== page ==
When we come upon a carcass site, there are often scavengers around, busily defending and consuming the carcass. Everything happens fast; twenty-four hours later only bones and a few scraps of skin will remain. In the spread of anthrax the role of scavengers such as hyaena and vultures is controversial. By opening and moving carcasses, they may increase the area of soil saturated by contaminated blood and disperse infectious material. And when they leave the carcass site to return to their dens or roost, they may carry infectious material in their faeces. Alternatively, scavengers may destroy infectious material in the process of digestion, thereby cleaning up the site.
Stress possibly a factor
Stress may contribute to the timing of anthrax mortalities in zebra. Even with plentiful food available during the wet season, individual animals may become stressed by the demands of reproduction and lactation, along with the stress caused by increasing numbers of gut parasites. Genetic factors and host conditions influence the ability of a host to fight off a potential infection and probably play a role in the timing of anthrax outbreaks. Using Burchell’s zebra as the focal host for studies in genetics, physiology, and immunology, our proposed research expands the scope of efforts to understand the effects of gut parasites on the timing of anthrax outbreaks. Here, our goal is to identify genetic risk factors for susceptibility to anthrax infection. Additionally, we will characterise seasonal changes in host condition by assessing levels of stress and reproductive hormones, nutrition and immunity, as well as infection by gut parasites. We will test the hypothesis that seasonal changes in host condition explain the wet-season infection patterns observed in the Etosha zebra population.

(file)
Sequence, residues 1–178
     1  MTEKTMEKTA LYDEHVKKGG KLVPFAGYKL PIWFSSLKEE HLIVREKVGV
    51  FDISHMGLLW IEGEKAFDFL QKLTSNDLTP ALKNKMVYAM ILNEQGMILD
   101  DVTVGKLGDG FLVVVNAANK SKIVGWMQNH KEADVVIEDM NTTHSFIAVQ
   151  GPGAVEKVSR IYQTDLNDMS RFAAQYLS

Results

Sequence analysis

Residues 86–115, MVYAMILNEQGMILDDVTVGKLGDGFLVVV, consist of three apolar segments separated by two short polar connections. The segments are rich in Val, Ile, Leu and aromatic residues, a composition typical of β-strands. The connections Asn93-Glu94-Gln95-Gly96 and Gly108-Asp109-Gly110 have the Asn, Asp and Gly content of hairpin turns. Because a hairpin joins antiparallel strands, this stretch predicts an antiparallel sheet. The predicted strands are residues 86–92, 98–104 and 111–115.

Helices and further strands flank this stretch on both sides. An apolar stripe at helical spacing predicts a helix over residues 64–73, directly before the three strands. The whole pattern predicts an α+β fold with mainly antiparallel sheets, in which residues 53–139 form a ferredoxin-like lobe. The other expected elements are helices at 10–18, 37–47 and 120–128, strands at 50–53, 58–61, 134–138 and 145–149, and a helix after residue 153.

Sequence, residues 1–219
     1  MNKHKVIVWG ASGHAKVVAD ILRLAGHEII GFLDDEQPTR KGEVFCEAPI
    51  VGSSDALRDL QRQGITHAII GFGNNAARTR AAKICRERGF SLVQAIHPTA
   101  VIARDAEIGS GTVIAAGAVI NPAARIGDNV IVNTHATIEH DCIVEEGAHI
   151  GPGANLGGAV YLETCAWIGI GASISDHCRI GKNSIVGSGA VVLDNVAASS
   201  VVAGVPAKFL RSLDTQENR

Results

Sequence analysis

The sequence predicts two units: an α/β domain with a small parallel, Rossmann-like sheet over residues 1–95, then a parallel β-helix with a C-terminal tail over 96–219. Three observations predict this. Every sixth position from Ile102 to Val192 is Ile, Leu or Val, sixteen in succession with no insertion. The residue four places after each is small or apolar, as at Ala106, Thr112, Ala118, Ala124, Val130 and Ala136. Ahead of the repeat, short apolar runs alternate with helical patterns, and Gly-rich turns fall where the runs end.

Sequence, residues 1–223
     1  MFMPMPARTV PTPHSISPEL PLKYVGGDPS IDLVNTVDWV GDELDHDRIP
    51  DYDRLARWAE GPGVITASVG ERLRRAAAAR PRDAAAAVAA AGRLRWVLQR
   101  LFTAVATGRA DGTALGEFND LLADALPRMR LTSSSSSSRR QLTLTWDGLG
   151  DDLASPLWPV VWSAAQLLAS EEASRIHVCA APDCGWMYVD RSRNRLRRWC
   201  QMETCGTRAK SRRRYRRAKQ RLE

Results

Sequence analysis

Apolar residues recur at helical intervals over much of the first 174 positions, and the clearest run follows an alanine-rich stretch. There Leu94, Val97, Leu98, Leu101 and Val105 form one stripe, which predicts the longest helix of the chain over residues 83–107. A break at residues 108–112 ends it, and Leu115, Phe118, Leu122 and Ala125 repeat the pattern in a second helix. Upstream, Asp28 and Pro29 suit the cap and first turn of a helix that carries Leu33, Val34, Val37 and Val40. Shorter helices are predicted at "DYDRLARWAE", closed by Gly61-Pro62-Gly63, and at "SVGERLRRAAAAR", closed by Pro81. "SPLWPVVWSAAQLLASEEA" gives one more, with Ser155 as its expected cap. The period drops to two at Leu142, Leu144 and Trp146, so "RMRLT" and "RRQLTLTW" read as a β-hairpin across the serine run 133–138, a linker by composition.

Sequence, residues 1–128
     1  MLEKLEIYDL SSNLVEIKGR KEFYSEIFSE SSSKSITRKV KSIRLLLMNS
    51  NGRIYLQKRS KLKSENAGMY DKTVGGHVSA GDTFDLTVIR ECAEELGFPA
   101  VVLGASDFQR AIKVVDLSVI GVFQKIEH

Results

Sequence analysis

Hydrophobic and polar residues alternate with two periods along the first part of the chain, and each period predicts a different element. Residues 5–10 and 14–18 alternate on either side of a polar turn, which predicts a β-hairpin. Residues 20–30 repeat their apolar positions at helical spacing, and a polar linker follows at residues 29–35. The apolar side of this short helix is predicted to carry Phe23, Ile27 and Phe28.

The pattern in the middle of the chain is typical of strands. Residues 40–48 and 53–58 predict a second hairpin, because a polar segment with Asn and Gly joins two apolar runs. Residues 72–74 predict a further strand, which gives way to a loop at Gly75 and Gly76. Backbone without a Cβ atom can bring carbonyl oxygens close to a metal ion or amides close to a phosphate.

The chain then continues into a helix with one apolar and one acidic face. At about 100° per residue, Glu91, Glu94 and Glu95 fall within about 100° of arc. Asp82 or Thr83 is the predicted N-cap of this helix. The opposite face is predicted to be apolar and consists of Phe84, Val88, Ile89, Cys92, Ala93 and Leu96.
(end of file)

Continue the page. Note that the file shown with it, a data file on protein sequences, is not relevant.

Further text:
The results of our field and laboratory studies will be used to develop a predictive model of host susceptibility and anthrax occurrence. We will model factors that contribute to the timing of anthrax outbreaks and examine the theoretical effectiveness of commonly enacted control measures, such as burning or burial of carcasses, exclusion of scavengers and vaccination of susceptible host populations.
This article appeared in the 2007/8 edition of Conservation and the Environment in Namibia.